So, maybe we simply use the existing fake stack (in use-after-return mode, or maybe even by default?) to simulate dynamic alloca?

I'd oppose to that - fake stacks pose unacceptable RAM overheads for mobile devices.

Fair enough.

m.ostapenko edited edge metadata.

Hi!
I'm sorry for delay.
Here are some approaches we can follow for dynamic allocas:

  1. We can instrument all allocas with runtime call for both UAR/non-UARcases (for non-UAR we'll just perform poisoning, for UAR allocate allocas using fake stacks). But this will lead to complex logic into unpoisoning functionality, since allocated memory chunks for UAR will not be consecutive.
  2. We probably can allocate single memory chunk for dynamic stack area via asan_stack_malloc similarly to static stack area and use memset for unpoisoning, but since we don't know total size of dynamic area, this might be unfriendly for memory consumption.
  3. We can ignore UAR detection for now and always allocate dynamic allocas on stack for both cases. This is the simplest solution, the only trick here is how to get a size parameter for memset, that would perform unpoisoning stuff before each ret and llvm.stackrestore instructions.

Generally, I don't see a convenient way to deal with UAR detection without code mess, perhaps we can skip it for now? Right now, I'm testing a patch for non-UAR case, it seems to be quite simple.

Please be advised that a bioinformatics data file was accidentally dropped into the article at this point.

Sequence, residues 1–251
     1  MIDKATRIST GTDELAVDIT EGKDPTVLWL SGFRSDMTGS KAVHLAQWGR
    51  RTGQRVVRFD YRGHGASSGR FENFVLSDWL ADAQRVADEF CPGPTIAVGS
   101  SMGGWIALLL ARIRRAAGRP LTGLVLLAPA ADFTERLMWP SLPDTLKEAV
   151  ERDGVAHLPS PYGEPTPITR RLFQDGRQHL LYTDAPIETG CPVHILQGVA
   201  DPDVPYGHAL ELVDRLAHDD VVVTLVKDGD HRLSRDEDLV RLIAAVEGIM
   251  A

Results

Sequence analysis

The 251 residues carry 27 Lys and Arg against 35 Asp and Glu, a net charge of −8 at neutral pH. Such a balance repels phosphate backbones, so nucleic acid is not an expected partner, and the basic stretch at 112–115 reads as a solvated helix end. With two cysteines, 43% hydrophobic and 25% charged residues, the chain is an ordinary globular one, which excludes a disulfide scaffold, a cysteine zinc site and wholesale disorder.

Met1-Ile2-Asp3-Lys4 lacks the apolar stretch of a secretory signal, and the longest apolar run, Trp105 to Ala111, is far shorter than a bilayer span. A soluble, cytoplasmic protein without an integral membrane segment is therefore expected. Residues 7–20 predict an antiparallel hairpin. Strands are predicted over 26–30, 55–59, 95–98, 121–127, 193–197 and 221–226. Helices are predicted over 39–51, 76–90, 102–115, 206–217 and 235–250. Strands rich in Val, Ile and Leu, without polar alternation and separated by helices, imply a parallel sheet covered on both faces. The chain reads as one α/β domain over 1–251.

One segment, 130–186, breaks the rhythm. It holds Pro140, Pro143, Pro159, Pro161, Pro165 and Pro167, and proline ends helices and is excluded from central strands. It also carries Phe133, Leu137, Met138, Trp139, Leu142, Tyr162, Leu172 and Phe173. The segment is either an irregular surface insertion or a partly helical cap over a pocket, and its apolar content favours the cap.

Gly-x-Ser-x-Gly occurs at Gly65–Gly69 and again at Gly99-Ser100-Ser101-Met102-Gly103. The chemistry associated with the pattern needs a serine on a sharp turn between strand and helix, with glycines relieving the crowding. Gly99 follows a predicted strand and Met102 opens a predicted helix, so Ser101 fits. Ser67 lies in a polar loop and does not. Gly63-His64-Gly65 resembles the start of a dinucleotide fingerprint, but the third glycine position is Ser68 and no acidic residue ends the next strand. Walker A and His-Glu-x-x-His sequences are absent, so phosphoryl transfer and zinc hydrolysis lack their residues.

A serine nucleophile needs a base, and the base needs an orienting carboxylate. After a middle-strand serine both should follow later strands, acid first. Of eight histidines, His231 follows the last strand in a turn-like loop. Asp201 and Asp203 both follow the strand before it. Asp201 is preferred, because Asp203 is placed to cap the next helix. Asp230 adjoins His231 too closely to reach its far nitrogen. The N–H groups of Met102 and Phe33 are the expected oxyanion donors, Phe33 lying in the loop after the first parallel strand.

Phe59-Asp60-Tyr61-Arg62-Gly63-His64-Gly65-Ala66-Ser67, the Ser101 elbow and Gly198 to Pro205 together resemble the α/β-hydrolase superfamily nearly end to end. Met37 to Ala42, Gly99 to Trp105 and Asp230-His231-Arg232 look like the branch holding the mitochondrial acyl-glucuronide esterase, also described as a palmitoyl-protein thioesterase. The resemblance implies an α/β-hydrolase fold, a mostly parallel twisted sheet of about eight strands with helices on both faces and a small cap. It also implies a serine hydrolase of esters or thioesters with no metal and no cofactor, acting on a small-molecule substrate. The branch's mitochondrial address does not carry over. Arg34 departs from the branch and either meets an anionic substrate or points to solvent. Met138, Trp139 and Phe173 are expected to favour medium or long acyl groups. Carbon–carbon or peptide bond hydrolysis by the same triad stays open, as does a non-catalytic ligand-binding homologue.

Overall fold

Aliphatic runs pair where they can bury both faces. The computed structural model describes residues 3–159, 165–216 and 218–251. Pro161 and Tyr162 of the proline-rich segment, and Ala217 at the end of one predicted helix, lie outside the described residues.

I would like to ping the patch. Updated with small nits fixed. All tests passed for x86_64-unknown-linux-gnu.

kcc added a comment.May 4 2015, 10:28 AM

I am sorry for the delay -- I was OOO for the last 4 weeks. Will try to respond this week.

kcc accepted this revision.May 8 2015, 4:34 PM
kcc edited edge metadata.

LGTM
Looks simple enough.
This is still off by default, right? Did you test it on something huge?

test/asan/TestCases/alloca_vla_interact.cc
12 ↗(On Diff #24385)

Does it have to be a macro?

This revision is now accepted and ready to land.May 8 2015, 4:34 PM

Konstantin, thank you for review!

In D7098#169544, @kcc wrote:

LGTM
Looks simple enough.
This is still off by default, right? Did you test it on something huge?

Yes, it's off by default. I've managed to build Firefox with dynamic allocas instrumentation enabled, is it big enough? I'm also found a "bug" there and I'm trying to understand if it's a real bug (not just unpoisoning error or something like that).

kcc added a comment.May 14 2015, 1:12 PM

I've managed to build Firefox with dynamic allocas instrumentation enabled, is it big enough?

Yea, it's big, and I expect it to have quite a few allocas/VLAs

I'm also found a "bug" there and I'm trying to understand if it's a real bug (not just unpoisoning error or something like that).

Let us know how it goes.

I think you may commit this in the meantime.

I'm also found a "bug" there and I'm trying to understand if it's a real bug (not just unpoisoning error or something like that).

Let us know how it goes.

That one turned out to be false positive - JS engine was allocating frame for asm stub via alloca, then freeing and re-using it inside the stub.

Sorry for delay, I was on vacation last week.

Proceeding Firefox testing, I've ran to several tests failures due to reasons pretty much similar to described above by Yura (allocating stack frame via alloca and some asm magic with deallocating after). After I'd worked around these allocas (asan_blacklist.txt was very helpful here), none of new test failures were popped up.

So, Konstantin, if you don't mind, I'll ask Yura to land this revision after retesting complete.

kcc added a comment.May 27 2015, 9:54 AM

Yes, go ahead.
We'll need to also test it on chromium before enabling the flag by default.
Thanks!

This revision was automatically updated to reflect the committed changes.